Although consumers have been encouraged to believe that Apple’s Mac devices and iOS are more secure, it’s important to acknowledge that Apple has had to patch several zero-day vulnerabilities over the past few years.

These vulnerabilities, if exploited by hackers, could allow unauthorized access to the device by bypassing iOS’s sandbox security measures. Apple actively releases patches to fix these types of vulnerabilities – which serves as a reminder that no system can be entirely immune to threats.

7. Only 28% of users worldwide are using iOS

According to Silent Breach, 97% of mobile malware affects Android rather than iOS users. Panda Security, by contrast, says that Android users are 50% more likely to be attacked than iOS users. While we can agree that Android is still more heavily attacked, these stats are partly influenced by the fact that  70% of mobile users worldwide use Android.

Don’t let these stats give you a false sense of confidence. Security experts agree that iOS threats are growing.

8. The number of dangerous third-party iOS app stores is growing

Guardsquare says a search for “alternative iOS app store” returns more than 200 million results. This is a reminder of how easy it is to run into third-party app repositories known to contain cloned and malicious apps. These can seriously undermine the privacy and security of your iOS device.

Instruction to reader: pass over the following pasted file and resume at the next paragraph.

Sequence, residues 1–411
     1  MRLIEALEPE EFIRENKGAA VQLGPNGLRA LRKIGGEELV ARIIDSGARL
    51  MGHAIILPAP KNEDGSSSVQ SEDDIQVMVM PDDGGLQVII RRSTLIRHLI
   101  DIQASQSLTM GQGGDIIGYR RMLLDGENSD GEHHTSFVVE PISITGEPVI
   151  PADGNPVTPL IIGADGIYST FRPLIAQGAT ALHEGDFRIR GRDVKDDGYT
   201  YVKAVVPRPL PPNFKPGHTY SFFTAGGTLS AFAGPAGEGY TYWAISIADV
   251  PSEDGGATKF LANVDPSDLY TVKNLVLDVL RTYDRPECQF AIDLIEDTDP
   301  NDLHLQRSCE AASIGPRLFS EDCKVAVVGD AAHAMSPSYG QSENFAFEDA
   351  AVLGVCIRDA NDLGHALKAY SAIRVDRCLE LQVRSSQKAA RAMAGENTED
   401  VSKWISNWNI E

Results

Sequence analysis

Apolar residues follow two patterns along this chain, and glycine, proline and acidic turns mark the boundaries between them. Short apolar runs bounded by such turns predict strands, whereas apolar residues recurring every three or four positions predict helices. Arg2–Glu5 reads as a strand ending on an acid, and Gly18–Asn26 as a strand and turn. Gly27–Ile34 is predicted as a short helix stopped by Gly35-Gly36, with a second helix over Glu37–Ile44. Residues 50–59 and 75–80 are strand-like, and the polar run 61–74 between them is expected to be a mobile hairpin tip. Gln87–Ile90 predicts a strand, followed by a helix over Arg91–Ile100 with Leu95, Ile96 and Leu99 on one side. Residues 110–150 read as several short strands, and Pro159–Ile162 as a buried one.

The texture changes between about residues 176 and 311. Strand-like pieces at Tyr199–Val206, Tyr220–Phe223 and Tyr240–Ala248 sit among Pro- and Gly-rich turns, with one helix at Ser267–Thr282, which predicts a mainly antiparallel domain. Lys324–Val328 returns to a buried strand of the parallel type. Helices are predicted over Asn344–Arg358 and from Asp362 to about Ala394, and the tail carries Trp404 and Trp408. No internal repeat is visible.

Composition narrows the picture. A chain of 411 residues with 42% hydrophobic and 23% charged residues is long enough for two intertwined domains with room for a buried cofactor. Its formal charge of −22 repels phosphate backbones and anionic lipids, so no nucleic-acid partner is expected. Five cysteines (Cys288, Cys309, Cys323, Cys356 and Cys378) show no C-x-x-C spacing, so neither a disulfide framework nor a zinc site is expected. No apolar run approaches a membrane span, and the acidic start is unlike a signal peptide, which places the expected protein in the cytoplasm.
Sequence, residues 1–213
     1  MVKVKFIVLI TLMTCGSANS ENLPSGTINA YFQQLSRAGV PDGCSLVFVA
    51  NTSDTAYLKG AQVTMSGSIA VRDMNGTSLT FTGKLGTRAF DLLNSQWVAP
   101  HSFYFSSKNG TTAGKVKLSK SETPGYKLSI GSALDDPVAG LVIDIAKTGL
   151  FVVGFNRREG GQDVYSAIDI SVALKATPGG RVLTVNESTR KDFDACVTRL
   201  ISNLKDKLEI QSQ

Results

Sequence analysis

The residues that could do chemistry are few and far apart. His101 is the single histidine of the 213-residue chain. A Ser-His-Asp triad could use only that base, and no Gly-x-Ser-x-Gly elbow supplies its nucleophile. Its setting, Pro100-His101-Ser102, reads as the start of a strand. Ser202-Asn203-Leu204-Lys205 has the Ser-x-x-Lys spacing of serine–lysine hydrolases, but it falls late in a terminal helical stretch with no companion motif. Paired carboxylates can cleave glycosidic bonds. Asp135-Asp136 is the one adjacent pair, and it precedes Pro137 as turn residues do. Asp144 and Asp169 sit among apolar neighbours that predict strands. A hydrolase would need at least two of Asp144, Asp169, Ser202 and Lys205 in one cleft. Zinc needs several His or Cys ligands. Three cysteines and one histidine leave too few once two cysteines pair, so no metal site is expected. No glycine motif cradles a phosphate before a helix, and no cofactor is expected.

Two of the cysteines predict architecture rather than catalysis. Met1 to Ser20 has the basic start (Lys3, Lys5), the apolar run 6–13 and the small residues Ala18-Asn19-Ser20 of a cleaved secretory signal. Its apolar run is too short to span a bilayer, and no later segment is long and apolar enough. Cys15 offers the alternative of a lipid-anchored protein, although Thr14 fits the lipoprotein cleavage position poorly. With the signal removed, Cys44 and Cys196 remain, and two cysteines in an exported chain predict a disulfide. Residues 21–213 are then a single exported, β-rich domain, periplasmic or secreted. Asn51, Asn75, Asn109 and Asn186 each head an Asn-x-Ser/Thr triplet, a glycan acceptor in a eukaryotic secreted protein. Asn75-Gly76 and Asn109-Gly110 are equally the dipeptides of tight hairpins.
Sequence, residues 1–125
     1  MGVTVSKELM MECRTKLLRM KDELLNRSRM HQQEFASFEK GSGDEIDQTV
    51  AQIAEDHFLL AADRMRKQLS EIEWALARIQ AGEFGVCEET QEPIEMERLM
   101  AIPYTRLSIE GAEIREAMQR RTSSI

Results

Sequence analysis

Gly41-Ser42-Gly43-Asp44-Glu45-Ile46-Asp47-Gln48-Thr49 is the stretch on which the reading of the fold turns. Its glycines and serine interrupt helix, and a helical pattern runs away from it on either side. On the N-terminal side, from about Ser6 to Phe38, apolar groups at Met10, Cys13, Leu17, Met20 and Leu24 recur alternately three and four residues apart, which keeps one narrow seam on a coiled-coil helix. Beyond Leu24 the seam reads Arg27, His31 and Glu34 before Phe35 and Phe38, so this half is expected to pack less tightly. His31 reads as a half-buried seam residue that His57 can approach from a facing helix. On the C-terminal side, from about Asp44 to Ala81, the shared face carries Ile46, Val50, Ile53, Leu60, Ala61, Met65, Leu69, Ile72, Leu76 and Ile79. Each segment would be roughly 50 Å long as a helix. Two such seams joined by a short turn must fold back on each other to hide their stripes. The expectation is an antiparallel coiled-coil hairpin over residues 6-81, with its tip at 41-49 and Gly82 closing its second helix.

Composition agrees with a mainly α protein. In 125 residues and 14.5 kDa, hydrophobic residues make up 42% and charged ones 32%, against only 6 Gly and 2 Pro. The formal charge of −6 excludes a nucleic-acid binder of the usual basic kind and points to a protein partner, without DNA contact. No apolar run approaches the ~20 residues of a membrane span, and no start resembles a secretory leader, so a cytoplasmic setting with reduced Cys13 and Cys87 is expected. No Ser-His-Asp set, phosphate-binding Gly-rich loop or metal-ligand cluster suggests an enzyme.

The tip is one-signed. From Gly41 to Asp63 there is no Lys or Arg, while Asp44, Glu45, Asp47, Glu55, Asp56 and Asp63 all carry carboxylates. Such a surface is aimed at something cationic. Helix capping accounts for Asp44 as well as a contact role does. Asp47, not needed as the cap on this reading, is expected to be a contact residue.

9. The Apple App Store is vulnerable to malicious apps

According to Guardsquare, 2% of the top 1000 highest-grossing apps on the Apple App Store are scam apps. The security company claims those apps have amassed over $48 million in revenue.

This is a reminder that the Apple App Store is not completely invulnerable to malicious apps. We encourage you to carefully consider whether you need an app before installing it as this will reduce the likelihood of installing malicious apps.

10. iOS apps can be bad for your privacy

Although iOS has a reputation for being better for user privacy, some apps may still have invasive permissions. Always consider the permissions required by each app you install.

Pressing the “Ask app not to track” button does not always guarantee that the app won’t continue to perform some tracking in the background. For example, the popular iOS game Subway Surfers has been found to send 29 different data points about an iPhone to a third-party advertising company.

11. iMessage can be the source of infections on iOS

According to Kaspersky’s Secure List, iOS users have been infected by messages received on the iMessage app. These messages contain an attachment containing the exploit. Once installed, these apps can communicate with a Command and Control (CnC) server that allows hackers to install secondary payloads and perform device takeover.

12. Jailbreaking an iOS device massively increases the chance of being victimized

DataProt reminds users that Jailbreaking an iOS device can circumvent the wall garden approach to security in the iOS operating system. This increases the security risks associated with malicious apps and can increase the opportunity for hackers to gain root access to the device, all its apps, and all stored information.

13. Apple has warned users in 90+ countries of “Mercenary Spyware Attacks”

Apple issued iOS users in nearly 100 countries a warning that said it had noticed well-funded state-sponsored attempts to compromise iPhone devices. According to Apple, these sophisticated attacks could allow hackers to “remotely compromise” an iPhone.

Apple previously released a feature called Lockdown Mode to allow users concerned about these kinds of sophisticated targeted attacks to add a stronger layer of security to their devices.